Everything old can be new again with Aaron Rodgers, as the Jets and their fans and reporters continue to discover.
For instance, the question that arose in recent days about the Jets vaunted quarterback still needing to redo a section of his contract that he arrived with in the April trade with Green Bay came up at the top of his Wednesday postpractice news conference.
"Yes, yeah," Rodgers said about the reworking being done between his representatives and general manager Joe Douglas' staff and his representatives. "There's going to be something probably hitting later on today."
That then led to questions about the five-day-old story regarding whether his time in green and white is more of a multiyear project or a one-and-done deal. He stated his thoughts about being with the Jets into 2024 in an ESPN New York radio interview last Friday, with head coach Robert Saleh following that by saying, "I wouldn't put pressure on him to commit to something like that, but I'd be shocked if he doesn't play multiple years."
And after Wednesday's sixth practice and second padded session of his 19th pro training camp and Rodgers' first as a Jet, he repeated and expanded on that best-case scenario.
"Definitely some of it is how much fun I'm having. It's all about the body, how my body feels," Rodgers told reporters. "The team gave up significant pieces for it to be a one-year deal, I'm aware of that.
"Now again, anything can happen with my body or with the success we have this year. But I'm having a blast, so I don't really see this as a one-year-and-done thing."
With the Brett Favre experiment of 15 years ago that started with a bang, ending with a whimper and wrapped after one season in 2008, the topic of trying to keep Rodgers around for more than a season has always been a background conversation among Jets reporters and Jets Nation. But as Rodgers has noted, so many elements of the trade with Green Bay have dovetailed with the QB's desires, such as being reunited with Packers OC Nathaniel Hackett and cruising New York City.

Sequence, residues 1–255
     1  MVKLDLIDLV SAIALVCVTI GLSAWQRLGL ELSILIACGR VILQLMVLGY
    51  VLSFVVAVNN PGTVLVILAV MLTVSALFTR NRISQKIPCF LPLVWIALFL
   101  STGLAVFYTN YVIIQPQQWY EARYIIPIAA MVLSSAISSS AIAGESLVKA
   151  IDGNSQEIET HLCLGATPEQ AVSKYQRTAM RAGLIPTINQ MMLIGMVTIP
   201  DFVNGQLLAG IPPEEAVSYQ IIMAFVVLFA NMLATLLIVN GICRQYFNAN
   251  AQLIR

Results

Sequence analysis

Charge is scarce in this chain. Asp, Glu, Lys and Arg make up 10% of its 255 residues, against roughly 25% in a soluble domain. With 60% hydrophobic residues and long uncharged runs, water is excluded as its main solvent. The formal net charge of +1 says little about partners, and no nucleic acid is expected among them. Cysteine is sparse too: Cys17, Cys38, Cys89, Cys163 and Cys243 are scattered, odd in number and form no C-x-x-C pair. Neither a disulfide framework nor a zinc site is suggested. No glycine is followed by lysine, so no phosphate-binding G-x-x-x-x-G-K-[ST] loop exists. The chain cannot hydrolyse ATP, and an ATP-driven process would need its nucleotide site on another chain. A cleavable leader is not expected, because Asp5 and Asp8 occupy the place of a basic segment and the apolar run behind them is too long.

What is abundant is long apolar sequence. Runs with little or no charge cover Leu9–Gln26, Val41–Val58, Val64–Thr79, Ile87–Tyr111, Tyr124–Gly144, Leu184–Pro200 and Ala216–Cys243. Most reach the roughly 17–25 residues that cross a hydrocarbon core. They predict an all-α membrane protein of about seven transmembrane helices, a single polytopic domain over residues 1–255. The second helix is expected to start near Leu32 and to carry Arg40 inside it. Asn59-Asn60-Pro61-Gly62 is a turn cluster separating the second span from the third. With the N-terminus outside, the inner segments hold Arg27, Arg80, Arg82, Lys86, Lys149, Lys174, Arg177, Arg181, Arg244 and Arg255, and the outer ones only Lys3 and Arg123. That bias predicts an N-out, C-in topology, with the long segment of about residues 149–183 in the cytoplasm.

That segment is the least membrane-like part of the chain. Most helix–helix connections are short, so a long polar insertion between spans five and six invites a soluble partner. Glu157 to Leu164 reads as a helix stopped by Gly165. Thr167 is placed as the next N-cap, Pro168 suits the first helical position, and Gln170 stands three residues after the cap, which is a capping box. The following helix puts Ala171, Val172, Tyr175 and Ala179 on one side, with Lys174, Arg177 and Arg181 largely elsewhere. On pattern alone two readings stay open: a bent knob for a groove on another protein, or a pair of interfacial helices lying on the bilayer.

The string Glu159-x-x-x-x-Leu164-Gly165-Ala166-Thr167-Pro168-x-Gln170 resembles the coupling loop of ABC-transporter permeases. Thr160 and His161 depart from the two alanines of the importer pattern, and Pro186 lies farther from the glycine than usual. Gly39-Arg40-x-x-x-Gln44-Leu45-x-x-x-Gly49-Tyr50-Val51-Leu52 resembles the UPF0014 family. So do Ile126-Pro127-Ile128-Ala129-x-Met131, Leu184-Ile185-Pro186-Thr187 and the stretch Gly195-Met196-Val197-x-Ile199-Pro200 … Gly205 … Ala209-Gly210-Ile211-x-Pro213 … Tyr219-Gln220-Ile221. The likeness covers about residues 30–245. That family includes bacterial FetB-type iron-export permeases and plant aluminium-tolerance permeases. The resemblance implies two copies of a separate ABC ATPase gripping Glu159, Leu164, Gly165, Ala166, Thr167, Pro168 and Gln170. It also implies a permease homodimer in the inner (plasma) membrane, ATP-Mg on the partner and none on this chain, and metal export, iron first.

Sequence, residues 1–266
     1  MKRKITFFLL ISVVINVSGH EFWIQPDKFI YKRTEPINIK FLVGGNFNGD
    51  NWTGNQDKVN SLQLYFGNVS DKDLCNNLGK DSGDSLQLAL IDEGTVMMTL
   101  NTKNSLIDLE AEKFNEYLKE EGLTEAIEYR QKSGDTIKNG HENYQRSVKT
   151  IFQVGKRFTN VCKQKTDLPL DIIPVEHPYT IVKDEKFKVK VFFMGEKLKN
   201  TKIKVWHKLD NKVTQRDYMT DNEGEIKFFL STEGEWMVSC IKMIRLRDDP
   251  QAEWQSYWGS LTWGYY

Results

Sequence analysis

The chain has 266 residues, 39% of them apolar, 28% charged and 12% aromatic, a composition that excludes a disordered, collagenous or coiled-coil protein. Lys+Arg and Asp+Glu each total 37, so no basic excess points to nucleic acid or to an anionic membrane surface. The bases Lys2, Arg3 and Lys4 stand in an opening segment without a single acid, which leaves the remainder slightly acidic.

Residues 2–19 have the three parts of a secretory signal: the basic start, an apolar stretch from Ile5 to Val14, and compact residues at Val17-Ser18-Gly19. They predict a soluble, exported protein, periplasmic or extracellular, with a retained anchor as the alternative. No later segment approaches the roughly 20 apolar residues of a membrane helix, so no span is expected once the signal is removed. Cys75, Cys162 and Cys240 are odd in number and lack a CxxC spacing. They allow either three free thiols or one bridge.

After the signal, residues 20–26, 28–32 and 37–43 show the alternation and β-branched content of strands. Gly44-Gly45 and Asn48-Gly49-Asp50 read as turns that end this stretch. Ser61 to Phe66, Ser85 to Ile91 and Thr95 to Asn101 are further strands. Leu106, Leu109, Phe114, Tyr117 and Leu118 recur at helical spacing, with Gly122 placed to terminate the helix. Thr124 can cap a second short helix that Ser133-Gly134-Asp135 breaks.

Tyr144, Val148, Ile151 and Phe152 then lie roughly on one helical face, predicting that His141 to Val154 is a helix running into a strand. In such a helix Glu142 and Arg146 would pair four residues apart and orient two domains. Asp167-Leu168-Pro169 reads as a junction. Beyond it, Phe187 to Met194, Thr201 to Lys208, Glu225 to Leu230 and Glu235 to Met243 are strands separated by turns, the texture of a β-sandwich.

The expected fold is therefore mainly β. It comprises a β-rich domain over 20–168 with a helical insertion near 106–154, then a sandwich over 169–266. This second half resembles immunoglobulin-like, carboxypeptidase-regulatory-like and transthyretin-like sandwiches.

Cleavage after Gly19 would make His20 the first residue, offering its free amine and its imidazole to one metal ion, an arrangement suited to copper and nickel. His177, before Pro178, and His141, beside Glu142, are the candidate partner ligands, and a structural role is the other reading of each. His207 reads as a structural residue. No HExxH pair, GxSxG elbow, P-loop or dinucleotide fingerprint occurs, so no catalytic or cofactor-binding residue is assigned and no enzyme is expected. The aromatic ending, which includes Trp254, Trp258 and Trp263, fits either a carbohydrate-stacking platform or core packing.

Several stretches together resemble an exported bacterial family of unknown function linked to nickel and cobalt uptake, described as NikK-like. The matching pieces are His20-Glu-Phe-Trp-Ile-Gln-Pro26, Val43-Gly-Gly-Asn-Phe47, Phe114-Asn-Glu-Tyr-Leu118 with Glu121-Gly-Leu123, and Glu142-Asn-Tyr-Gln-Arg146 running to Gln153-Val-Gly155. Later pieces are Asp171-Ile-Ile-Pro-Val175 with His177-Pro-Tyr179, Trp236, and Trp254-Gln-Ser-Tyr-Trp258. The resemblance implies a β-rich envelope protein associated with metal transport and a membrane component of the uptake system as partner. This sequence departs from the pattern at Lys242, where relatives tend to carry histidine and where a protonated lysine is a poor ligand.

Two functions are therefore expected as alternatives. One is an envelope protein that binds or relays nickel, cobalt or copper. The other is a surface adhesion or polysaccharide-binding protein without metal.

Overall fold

Being a 40-something NFL signal-caller has also played a part.
"Definitely, I think being a 40-year-old starter was a goal, just because that's a big number, to put yourself in that position," said Rodgers, who turns the big-4-0 in December. "It means you've got to really take care of yourself in the offseason, so I've adjusted some things with that goal in mind.
"Obviously, Tom [Brady] kind of set the standard, playing till 45, I think — which is crazy. But it's less crazy when you're starting to get closer to that, because you still love the game, you still want to be there doing it. And if you take care of yourself the right way, you put yourself in position to at least entertain that thought."
So Rodgers said he dedicated himself this offseason to building his flexibility, and he's continued his dietary pursuits that began around 2015, educating himself on how best to eat and manage things like "inflammation regression" and not waking up "feeling heavy-legged and swollen."
The physical side of his position gets mentioned by No. 8's critics and concerned fans because his passing game last season with Green Bay, while still at a very high level, wasn't what it had been in his back-to-back 13-win playoff and MVP seasons in 2020 and '21. Meanwhile, his rushing average dropped each of the past four seasons while his sack rate rose the past two years.
But Rodgers in effect says: What mobility issues are we talking about?
"I'm still going to have that element to the game," he said. "I'm definitely nowhere near some of these incredible runners outside the pocket as far as being dangerous, but I have some assets. I have a pretty good pump fake, I can throw both ways on the run, and every now and then I can get what's there. I still enjoy extending plays. I just enjoy being in the pocket and not taking a lot of shots a little bit more."
He also clearly continues to enjoy running "his offense," working with all his new teammates and receiving targets, and "working the room" even if that room has endless yards of green carpeting and no walls outside the Atlantic Health Training Center.
"I see him walking all over the place talking to people," Saleh said. "It's funny, I think I'm learning his body language, where he's either going to talk some trash or talk a coaching point. So he's been great."
"Look, I love our guys, and any chance they can see and feel me encouraging them is a good thing," Rodgers said. "I really enjoy the conversations with the DBs — and there's been a lot of 'em. ... They need to be talking to me about if my receivers are tipping anything off or something I'm doing is tipping them off. And I need to tell them, 'Hey, this is hard for me ... this isn't.' So there's things to work on for both sides and that sharing of information is really important for us, getting together on the same page and taking that next step."
It's just the latest chapter of Rodgers' new book, and he seems to really be diving into these new chapters of his still unfinished thriller.
"Change can be difficult, for sure, especially when it's that drastic,18 years in one spot," he said. "But if you can lean into it and embrace it, there's some really beautiful things on the other side, and I've been experiencing them so far. The people have been great, both in Jersey and the city, and I'm having a hell of a time."
And just maybe, Rodgers suggested while making no Namathian guarantees, his time with the Jets could be measured not in months but years.
See the best images from Wednesday's training camp practice at 1 Jets Drive.